Saturday, December 11, 2010

Toy tirade


What has happened to toys in the past 20 years?
Call me a prude, call me a goodie-two-shoes, call me uptight, because I cannot stop my head from shaking, my eyes rolling back in my head, and my jaw dropping to the ground when I see some of the toys being marketed to children.
The first one that had me reeling was found at the checkout in Kmart, right on the bottom shelf, so easy for little ones to reach.
Plastic Christmas themed animals doing a poo which turns out to be brown jelly beans.
The Poo Poo Panda Candy Dispenser sat alongside the Oh Deer Sooper Dooper Reindeer Pooper, the Poo-Lar Bear Sub-Zero Pooper Hero and the Baa Humbug Grumpy Sheep Party Pooper.
Seriously, what do animals with diarrhea have to do with Christmas, and what kind of kid would find brown jelly beans appetising?
I’ve written in the past about how much I dislike Tattoo Barbie, and I find the Bratz dolls hideous, because they are sending the wrong messages to our daughters.
At almost five years of age, I do not want my daughter to think that she has to dress like a slut and wear make-up every day in order to feel “pretty”.

Then there’s the Barbie Poop ‘n’ Scoop where Barbie goes out walking wearing a mini skirt with her pooch Tanner on a leash.
She gives the dog a treat, then uh-oh, you press his little brown tail and he does a poo. But that’s not the best bit. After Barbie picks up the poo with her magnetic scooper, and puts it in her little rubbish bin, she then feeds Tanner the same little brown poo so he can do it all over again!
I would never in my wildest dreams imagine I would see a Barbie product with the word Poop in the title, and the title alone makes it sound as if it’s Barbie doing the pooping!
In the US, there is also a cat version where kids can clean up a kitty litter tray.
Are kids truly that fascinated with faeces?
Other toys on my name and shame list include Airbrush Tattoo Sets promoted for six-year-olds (what the?), the Dog in a Handbag (is Paris Hilton really a good role model?), My Cleaning Trolley with Vacuum Cleaner (let them be kids, not domestic help), the ATM promoted for three-year-olds (why?), perfume for little girls (unnecessary), bras for little girls (also unnecessary), and computers for toddlers (what’s wrong with books?).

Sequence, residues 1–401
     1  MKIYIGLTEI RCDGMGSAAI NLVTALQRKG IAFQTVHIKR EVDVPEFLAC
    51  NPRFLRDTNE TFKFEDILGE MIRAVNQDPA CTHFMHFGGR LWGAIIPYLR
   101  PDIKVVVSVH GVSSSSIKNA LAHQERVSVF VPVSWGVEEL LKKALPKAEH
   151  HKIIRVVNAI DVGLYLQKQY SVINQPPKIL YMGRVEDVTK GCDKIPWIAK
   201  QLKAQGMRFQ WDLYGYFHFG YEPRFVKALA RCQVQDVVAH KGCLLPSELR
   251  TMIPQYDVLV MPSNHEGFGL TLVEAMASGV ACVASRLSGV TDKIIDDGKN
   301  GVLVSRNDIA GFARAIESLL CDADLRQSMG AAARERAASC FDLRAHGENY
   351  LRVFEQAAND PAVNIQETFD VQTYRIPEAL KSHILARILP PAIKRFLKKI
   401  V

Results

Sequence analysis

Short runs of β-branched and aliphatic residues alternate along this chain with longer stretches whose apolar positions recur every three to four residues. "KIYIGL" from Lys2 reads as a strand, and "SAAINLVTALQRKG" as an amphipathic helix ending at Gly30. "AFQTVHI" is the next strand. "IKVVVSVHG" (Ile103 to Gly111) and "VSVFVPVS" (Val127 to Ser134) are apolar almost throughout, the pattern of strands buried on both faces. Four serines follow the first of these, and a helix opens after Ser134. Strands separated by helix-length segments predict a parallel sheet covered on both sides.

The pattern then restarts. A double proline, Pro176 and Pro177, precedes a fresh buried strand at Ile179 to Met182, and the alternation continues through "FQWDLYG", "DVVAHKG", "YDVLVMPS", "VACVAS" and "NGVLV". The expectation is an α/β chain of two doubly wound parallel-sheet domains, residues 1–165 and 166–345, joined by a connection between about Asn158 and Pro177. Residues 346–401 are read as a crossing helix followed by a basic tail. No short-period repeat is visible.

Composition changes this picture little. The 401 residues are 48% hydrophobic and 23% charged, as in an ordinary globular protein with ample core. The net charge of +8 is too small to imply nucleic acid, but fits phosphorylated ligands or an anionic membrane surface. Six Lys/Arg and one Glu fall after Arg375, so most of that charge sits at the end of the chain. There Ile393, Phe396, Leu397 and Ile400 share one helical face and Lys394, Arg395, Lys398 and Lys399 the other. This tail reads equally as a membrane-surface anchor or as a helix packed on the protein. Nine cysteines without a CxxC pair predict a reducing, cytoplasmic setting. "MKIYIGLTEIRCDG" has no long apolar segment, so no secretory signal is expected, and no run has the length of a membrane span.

There are, of course, many toys that are great for young children, and the Barbie I Can Be range is finally bringing the doll back to her origins.
I am also pleased to see some more innocent toys such as Strawberry Shortcake making a comeback.
My mother and I were recently talking about how much “stuff” we accumulate over the years, and how children are also accumulating mountains of their own “stuff”.
“It was all so much more simple when you were a child,” she said.
“There were not as many gadgets and kids were happy to make their own fun, without needing so much stuff.”
She is absolutely right. How can we teach our children the true meaning of Christmas, that is, the spirit of giving, alongside the story of Jesus, when we are bombarded with consumerism?
Next time you’re going through the junk mail looking for a bargain on an overpriced piece of plastic bling made in China for your child, try instead looking for more imaginative gifts.
One colleague of mine gave her children an endangered animal adoption from the World Wildlife Fund.
Her daughter adopted a whale, while her son adopted a tiger. 
The adoption kit for each animal includes a collectible display folder with photo and certificate, factsheet about the animal, and some animals come with a soft toy.
Children can adopt pandas, tigers, black rhinos, marine turtles, gorillas, polar bears and other species in need of support.
Gifts like this teach children that giving can be a rewarding experience.

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